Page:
Coaches ridiculed Olivia Weedon as she stepped onto the ice last month in Lausanne, an hour later she had a youth Olympic medal around her neck.
Weedon, 17, from Twickenham, was Great Britain’s only female short track speed skater at Lausanne 2020, her first Winter Youth Olympics.
But despite qualifying for the Mixed NOC Team Relay with two personal best performances in the Women’s 1000m and 500m, she drew little expectation as the 16th and final female qualifier for the event.
Weedon said: “A couple of coaches from other teams were laughing at my team because I was the weakest qualified girl.
“But when we got to the final I knew we just had to focus as we only had to beat one team to get a medal.
“I finished my lap and it was just down to the last boy and girl to finish. All I was thinking was ‘just don’t fall over’.
“As soon as they crossed the line my face lit up.
“I am on cloud nine and it is extra nice to rub it in those coaches’ faces.”
Mixed NOC teams are made up of two male and two female athletes from different countries.
Weedon won her bronze medal with Ethan De Rose of New Zealand, Thomas Nadalini of Italy and women’s 1000m and 500m gold medallist at the games, Seo Whi Min from South Korea.
But her route to success has not been without strife after a string of injuries.
At the end of last summer and just before the season started Weedon tore her patellar tendon meaning she was not able to train fully.
She said: “I have had to work around my knee pain and try and find ways to train but not irritate my knee.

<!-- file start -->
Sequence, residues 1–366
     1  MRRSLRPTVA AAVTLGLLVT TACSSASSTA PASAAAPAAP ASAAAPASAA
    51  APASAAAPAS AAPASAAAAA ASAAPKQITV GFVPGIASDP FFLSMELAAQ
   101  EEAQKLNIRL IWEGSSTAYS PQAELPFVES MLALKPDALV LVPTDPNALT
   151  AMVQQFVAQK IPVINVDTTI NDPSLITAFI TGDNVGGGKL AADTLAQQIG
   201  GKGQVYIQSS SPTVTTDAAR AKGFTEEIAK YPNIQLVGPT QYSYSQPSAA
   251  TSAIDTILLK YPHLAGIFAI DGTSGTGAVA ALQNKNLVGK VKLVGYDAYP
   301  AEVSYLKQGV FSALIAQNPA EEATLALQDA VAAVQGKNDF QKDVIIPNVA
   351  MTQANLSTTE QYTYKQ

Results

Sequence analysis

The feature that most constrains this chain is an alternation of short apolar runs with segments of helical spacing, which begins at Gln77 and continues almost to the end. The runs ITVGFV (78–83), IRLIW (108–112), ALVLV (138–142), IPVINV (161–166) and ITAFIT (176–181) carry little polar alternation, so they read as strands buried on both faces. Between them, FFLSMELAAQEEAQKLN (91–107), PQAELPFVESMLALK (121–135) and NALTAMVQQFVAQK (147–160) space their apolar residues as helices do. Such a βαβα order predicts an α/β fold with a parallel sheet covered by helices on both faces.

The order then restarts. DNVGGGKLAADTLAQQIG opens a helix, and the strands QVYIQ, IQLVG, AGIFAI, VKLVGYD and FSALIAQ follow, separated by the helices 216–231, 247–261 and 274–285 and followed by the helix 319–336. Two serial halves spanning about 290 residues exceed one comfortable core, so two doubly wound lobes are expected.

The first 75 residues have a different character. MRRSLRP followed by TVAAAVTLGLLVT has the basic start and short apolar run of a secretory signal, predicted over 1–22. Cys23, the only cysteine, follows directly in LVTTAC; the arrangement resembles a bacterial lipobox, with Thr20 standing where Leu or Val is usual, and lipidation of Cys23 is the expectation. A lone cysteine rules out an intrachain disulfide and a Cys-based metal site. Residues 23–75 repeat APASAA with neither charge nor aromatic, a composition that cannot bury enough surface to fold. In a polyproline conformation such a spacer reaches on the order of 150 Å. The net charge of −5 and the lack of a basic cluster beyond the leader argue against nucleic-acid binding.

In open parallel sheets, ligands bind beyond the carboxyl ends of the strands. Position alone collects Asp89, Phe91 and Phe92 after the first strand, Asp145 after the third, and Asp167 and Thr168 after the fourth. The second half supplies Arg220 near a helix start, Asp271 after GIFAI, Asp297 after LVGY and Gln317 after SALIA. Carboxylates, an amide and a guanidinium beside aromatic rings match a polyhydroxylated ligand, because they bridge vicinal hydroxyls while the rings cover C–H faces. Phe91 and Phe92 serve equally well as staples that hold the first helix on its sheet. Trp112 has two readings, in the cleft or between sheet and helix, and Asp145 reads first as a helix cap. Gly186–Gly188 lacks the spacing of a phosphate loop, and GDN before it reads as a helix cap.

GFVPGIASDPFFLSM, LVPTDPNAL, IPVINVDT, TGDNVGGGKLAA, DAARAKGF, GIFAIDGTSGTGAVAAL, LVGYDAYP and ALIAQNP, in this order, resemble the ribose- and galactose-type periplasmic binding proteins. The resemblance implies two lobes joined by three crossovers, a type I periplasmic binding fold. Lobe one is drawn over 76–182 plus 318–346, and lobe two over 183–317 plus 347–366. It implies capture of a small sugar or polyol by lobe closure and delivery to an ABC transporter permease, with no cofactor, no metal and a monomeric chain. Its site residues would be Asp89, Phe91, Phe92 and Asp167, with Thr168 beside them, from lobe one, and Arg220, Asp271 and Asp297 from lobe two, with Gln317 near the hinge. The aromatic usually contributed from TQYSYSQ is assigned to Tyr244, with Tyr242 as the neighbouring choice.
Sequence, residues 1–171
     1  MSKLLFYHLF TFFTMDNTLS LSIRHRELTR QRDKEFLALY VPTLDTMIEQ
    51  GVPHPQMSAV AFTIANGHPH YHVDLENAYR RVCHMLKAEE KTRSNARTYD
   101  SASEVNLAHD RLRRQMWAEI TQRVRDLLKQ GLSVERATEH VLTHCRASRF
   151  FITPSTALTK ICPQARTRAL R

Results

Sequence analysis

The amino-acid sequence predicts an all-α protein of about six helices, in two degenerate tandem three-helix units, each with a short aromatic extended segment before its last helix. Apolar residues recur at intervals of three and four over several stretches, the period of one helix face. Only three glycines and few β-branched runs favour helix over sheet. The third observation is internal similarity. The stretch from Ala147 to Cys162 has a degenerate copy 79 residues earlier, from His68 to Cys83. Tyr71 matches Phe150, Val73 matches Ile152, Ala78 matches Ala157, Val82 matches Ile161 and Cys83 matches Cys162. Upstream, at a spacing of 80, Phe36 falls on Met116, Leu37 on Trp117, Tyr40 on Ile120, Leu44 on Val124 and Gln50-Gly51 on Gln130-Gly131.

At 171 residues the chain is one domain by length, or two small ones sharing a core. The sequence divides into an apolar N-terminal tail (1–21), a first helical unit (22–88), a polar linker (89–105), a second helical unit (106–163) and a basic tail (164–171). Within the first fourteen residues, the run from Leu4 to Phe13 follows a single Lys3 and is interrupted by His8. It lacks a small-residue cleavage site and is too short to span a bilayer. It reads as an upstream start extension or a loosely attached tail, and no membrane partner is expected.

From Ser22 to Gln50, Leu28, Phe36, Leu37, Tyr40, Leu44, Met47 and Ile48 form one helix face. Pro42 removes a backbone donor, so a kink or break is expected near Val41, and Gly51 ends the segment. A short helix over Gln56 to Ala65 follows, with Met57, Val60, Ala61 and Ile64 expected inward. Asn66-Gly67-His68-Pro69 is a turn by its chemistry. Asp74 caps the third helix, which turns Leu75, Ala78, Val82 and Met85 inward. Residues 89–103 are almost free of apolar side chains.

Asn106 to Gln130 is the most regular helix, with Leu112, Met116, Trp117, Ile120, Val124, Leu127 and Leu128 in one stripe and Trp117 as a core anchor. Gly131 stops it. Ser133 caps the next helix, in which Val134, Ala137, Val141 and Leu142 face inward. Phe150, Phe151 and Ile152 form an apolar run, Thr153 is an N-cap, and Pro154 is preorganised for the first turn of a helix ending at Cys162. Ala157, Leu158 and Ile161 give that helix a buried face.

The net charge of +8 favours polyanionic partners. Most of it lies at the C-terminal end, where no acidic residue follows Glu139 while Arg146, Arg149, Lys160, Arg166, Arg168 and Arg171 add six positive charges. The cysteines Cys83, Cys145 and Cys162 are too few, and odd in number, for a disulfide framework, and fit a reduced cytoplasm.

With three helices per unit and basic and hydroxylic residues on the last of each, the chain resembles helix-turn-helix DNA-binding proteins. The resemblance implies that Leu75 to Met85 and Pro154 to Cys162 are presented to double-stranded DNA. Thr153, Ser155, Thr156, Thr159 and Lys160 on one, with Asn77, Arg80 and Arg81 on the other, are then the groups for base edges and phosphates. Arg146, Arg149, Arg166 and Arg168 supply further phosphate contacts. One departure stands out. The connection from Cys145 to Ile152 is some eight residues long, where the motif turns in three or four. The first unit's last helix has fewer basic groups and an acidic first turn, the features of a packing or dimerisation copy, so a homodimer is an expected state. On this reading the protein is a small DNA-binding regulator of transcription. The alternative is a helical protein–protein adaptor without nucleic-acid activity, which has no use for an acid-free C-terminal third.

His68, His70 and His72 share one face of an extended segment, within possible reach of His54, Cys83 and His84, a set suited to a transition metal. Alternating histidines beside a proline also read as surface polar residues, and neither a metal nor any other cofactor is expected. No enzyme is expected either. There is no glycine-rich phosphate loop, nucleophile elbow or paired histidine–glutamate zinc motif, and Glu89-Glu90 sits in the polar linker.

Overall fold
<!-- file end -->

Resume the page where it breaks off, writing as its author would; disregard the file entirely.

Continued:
“That is really hard because in short track you are constantly using your knees.
“Coming into the games I felt I was going to be less strong as I have done less training than other athletes.
“My target was to come in the middle of the field and just skate as well as I can.
“But to come away with two personal bests and a bronze medal is more than I could have ever hoped for.
“I honestly didn’t think it would go this way, I could not be happier.”
Weedon’s uncle is two-time short track speed skating world championship bronze medallist Jon Eley, and while she is hoping to follow in his footsteps, she is taking each day as it comes.
She said: “I would like to think that without the injury I could go better.
“The next step is to do my A-levels and consider university but the dream is still the Olympics.
“Beijing 2022 will probably come too soon but I have my eyes set on Milan 2026.
“I am looking to move up to Nottingham to train with the short-track performance programme.
“Hopefully I can improve there and one day qualify for the real Olympics.”